The most frequent big mistake I see is a team playing “conservatively” (i.e. “scared”) when they are in scoring position and their opponent is out of balls. Teams will regularly drop their last ball instead of going for more points because they fear “selling out” (making a bad play that flips the position such that the opponents end up scoring). While the sellout is a huge turn of events, if the fear of it dominates your thinking you’re going to leave points on the table that will come back to bite you in the ass later.
Any time you have a chance to score multiples, you must look for every opportunity to capitalize. The difference just between scoring one and two points is enormous over the long term, and yet teams will pass up easy chances to go for an additional two or even three points even if their downside is giving up just a point or two a small fraction of the time.
Green to play.
In this example, if green can move the pallino back just a bit (lagging along path A), the court would be wide open for scoring three or maybe four points. However, the position of the red balls makes the green player lag from the opposite side of the court, and in our league most players avoid these cross-court lags because the centers of the alleys are rough and bumpy, which totally wrecks accuracy. Shooting along A is no good since red has two decent balls down court on the nail. Shooting along path B is another possibility, though the outcome of such a shot is extremely hard to predict, even if it is perfectly executed. The pallino could end up down court, or the green A ball might get carried away leaving red with one point. Despite the risk, this choice shouldn’t be ruled out immediately since green has three balls left, leaving a good possibility to clean up any sellout if the shot does go wrong.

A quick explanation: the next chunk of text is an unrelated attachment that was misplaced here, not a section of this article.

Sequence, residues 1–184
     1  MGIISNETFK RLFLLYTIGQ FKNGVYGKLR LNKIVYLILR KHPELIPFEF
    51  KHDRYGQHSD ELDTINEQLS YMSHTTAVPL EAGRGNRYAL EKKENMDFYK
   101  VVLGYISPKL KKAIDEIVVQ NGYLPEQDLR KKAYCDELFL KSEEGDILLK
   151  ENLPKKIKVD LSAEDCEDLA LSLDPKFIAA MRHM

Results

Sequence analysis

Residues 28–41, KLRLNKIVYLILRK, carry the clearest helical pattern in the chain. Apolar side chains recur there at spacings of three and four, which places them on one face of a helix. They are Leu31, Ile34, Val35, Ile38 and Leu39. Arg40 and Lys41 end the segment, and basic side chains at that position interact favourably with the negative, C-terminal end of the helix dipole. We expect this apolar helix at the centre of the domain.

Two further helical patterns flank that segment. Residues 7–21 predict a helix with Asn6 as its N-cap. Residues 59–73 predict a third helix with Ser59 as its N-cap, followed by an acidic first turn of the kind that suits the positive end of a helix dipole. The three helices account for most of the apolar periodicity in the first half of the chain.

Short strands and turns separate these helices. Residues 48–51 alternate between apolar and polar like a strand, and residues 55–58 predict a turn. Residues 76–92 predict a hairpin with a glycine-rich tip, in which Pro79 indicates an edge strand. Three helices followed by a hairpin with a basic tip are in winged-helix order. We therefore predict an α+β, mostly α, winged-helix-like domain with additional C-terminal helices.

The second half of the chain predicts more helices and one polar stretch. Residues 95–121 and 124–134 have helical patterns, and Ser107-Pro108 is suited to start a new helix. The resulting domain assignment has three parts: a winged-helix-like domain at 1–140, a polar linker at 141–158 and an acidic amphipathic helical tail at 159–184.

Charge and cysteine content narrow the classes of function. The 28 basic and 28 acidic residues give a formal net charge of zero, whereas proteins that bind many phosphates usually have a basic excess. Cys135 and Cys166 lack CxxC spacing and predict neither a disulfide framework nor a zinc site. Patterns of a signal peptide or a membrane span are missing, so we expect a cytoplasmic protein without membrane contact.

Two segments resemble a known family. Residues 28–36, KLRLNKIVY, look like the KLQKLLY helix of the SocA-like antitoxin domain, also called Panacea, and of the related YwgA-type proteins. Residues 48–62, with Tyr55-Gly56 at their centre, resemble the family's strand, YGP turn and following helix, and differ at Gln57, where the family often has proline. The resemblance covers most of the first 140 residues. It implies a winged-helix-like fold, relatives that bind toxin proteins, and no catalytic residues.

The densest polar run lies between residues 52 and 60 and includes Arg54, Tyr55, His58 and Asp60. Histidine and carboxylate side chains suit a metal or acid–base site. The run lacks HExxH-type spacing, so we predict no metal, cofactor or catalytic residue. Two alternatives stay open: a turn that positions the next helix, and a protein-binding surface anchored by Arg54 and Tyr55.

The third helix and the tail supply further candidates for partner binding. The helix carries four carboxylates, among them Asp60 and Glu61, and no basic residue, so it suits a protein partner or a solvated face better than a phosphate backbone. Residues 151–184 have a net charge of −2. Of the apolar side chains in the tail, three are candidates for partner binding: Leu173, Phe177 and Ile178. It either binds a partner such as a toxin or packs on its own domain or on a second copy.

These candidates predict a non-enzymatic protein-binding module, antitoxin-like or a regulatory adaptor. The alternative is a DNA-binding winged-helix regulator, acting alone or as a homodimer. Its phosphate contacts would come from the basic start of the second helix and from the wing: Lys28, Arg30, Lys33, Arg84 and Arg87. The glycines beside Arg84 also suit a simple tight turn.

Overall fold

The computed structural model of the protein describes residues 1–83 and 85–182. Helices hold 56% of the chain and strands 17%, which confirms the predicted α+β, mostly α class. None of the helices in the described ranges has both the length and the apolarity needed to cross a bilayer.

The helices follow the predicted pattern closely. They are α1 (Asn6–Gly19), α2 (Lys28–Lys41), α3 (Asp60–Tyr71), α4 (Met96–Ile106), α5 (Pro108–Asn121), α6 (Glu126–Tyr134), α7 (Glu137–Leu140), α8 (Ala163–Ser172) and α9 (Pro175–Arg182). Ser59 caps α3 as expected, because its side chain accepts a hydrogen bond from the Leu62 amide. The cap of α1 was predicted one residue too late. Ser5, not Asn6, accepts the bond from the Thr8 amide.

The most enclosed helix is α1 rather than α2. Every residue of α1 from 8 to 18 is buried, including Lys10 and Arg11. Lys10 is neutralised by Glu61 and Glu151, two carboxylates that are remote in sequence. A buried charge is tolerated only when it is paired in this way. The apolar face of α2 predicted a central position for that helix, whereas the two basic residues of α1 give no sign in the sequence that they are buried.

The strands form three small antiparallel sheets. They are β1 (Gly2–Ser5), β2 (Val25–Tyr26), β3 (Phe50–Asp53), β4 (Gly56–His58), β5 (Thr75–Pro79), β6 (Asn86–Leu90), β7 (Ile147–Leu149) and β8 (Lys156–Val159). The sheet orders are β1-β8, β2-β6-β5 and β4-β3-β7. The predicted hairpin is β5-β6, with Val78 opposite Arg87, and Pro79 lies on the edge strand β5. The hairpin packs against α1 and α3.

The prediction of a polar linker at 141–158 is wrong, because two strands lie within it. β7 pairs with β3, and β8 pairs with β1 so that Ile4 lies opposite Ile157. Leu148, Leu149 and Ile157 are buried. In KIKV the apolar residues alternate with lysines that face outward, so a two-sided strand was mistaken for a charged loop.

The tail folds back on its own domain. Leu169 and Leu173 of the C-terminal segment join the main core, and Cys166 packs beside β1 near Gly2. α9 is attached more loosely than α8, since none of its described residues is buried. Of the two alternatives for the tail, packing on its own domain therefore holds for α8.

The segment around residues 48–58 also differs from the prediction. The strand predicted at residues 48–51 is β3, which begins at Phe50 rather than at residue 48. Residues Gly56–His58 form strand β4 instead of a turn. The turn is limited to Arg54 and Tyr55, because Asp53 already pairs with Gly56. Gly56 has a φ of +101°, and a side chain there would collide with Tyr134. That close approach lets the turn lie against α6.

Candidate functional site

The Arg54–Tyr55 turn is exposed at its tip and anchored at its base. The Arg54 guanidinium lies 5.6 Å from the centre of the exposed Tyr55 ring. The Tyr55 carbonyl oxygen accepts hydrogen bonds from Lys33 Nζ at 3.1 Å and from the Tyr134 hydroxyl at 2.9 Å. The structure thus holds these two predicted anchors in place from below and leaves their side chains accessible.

In the end, I decided to play along path A. The mistake I made was in lagging just hard enough to get to the pallino and maybe move it a foot or two. In this case there is plenty of room behind the green ball so even if the pallino goes too far for the A ball to remain in scoring position it should be possible to get three points. If I had come in a little harder, the increased momentum of the ball may have negated a bit of the variance from the bumps in the middle. As it turns out, my ball went off-course and didn’t have any significant effect.
The important part of this example, though, is that I’ve seen many players in this situation simply give up and “drop” their remaining balls and simply “take one point” because “it’s too tight in there.” Taking one point is “safe” since it avoids the sellout. But early in the game, a one point lead isn’t that big of a deal, while a three or four point lead is (my gut feeling here going on nothing but experience is that a 4-3 lead would hold up about 55% of the time, while a 7-3 lead would hold up closer to 70% of the time). On top of this, if your first ball does “sell out” you’ve still got two chances to recover! Grow a pair, get greedy, and load up!
Now, here’s another situation where dropping might make sense:
Green to play.
In this case, green can’t lag in along the normal routes off of the side boards since Red A and B are blocking. A lag along path A would probably be safe on a semi-regular court, but with the bumps and variances of our clay courts, it’s pretty risky. Red A could get bumped up into scoring position, or Green A could get bumped out of position. Shooting along path B (basically the same path) with the intent to pick the pallino out is worth considering, especially if the setup is a relatively short (shooting the pallino gets really hard as the distance increases). If the shot is successful, green can easily drop ball D in behind to pick up two points.
In this case, though, if green misses the shot, the downside is huge. A particularly bad outcome would have the shot pick the green A ball cleanly out, leaving red with four points and green with one ball to try to salvage something. Of course, green could try shooting the pallino again, with one less ball laying around to get in the way. Shooting your last ball when the opponent is sitting on four points is never a pleasant situation, though.
Dropping the last two balls is probably the way to go here. Green already has one ball in position, the best possible upside is to come out with two points, and the downside is catastrophic. Further, this is closer to the midway point of the game, where small edges are worth more than in the early stages.
Aggression is in general the best policy, but (just as with any other strategy) the difference between a journeyman and a master is knowing when the exceptions come up and it’s time to back off and play it safe.